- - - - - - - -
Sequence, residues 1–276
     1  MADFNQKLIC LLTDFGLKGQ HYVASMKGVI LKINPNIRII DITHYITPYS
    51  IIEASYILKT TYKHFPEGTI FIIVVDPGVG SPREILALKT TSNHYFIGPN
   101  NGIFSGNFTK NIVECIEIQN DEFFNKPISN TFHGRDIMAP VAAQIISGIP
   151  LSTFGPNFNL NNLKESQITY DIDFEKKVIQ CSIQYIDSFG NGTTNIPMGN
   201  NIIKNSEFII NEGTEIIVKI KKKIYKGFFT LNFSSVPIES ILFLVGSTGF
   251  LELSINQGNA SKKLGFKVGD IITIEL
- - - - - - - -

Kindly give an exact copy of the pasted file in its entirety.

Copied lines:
Sequence, residues 1–276
     1  MADFNQKLIC LLTDFGLKGQ HYVASMKGVI LKINPNIRII DITHYITPYS
    51  IIEASYILKT TYKHFPEGTI FIIVVDPGVG SPREILALKT TSNHYFIGPN
   101  NGIFSGNFTK NIVECIEIQN DEFFNKPISN TFHGRDIMAP VAAQIISGIP
   151  LSTFGPNFNL NNLKESQITY DIDFEKKVIQ CSIQYIDSFG NGTTNIPMGN
   201  NIIKNSEFII NEGTEIIVKI KKKIYKGFFT LNFSSVPIES ILFLVGSTGF
   251  LELSINQGNA SKKLGFKVGD IITIEL